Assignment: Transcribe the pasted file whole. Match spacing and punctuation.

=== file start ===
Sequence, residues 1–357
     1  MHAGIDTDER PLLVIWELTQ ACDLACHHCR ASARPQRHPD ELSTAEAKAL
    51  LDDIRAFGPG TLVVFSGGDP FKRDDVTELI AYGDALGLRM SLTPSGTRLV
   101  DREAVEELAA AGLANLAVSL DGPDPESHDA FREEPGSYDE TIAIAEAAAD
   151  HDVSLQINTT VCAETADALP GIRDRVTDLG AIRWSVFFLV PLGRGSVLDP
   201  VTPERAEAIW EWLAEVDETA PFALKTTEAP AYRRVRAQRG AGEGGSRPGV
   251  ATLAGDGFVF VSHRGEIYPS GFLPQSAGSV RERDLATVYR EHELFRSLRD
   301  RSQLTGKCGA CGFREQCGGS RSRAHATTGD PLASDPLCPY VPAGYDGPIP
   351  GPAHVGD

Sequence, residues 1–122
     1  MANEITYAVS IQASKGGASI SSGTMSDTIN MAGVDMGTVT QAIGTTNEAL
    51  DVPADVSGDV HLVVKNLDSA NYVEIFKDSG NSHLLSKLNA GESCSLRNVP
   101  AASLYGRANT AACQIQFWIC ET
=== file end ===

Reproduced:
Sequence, residues 1–357
     1  MHAGIDTDER PLLVIWELTQ ACDLACHHCR ASARPQRHPD ELSTAEAKAL
    51  LDDIRAFGPG TLVVFSGGDP FKRDDVTELI AYGDALGLRM SLTPSGTRLV
   101  DREAVEELAA AGLANLAVSL DGPDPESHDA FREEPGSYDE TIAIAEAAAD
   151  HDVSLQINTT VCAETADALP GIRDRVTDLG AIRWSVFFLV PLGRGSVLDP
   201  VTPERAEAIW EWLAEVDETA PFALKTTEAP AYRRVRAQRG AGEGGSRPGV
   251  ATLAGDGFVF VSHRGEIYPS GFLPQSAGSV RERDLATVYR EHELFRSLRD
   301  RSQLTGKCGA CGFREQCGGS RSRAHATTGD PLASDPLCPY VPAGYDGPIP
   351  GPAHVGD

Sequence, residues 1–122
     1  MANEITYAVS IQASKGGASI SSGTMSDTIN MAGVDMGTVT QAIGTTNEAL
    51  DVPADVSGDV HLVVKNLDSA NYVEIFKDSG NSHLLSKLNA GESCSLRNVP
   101  AASLYGRANT AACQIQFWIC ET